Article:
When hollowing a natural-edge bowl on a lathe, the bowl’s jagged edges turn into a blur, making it difficult to know when your hands are getting too close.
Many bandsaw resaw jigs require screwing or hot-gluing the log to the sled to hold it steady during a cut.
When building my kids a treehouse, I ran into a snag.
I make quite a few cutting boards, and have found that the final glue-up can be frustrating, particularly using tippy pipe clamps while trying to keep all the parts square and aligned.
In my small shop, fixed supports on both sides of the mitersaw would have taken up more space than I have available.
When reaching the later stages of a project, I protect it from scratches or marring by tossing a carpet remnant.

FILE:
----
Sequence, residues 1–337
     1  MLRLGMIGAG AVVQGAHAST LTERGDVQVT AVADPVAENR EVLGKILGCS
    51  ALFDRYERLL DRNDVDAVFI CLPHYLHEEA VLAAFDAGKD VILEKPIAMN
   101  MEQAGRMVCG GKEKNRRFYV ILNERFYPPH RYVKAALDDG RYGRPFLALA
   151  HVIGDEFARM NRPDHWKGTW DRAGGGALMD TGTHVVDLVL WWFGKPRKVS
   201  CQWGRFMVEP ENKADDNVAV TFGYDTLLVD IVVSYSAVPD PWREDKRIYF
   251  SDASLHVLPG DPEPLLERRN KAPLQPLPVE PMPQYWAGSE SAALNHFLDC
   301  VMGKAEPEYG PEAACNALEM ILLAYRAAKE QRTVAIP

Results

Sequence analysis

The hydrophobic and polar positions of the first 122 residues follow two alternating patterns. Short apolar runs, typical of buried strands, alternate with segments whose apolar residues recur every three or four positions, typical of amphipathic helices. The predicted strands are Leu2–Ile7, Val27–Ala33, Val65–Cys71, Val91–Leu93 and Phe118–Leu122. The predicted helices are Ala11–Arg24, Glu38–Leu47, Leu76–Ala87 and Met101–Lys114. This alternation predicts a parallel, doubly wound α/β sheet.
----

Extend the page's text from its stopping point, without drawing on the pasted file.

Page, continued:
Many turners use only a bench grinder to sharpen their chisels and gouges. I find that I have to do less honing when I use my disc sander with a 320-grit disc instead.
I like to mark the projects I build with one of those branding irons you heat with a propane torch. But if you don’t hold the iron squarely and with steady pressure, the design won’t burn evenly in the wood.
When faced with gluing up a door jamb too long for my workbench, an eight-foot-tall stepladder proved to be the perfect solution.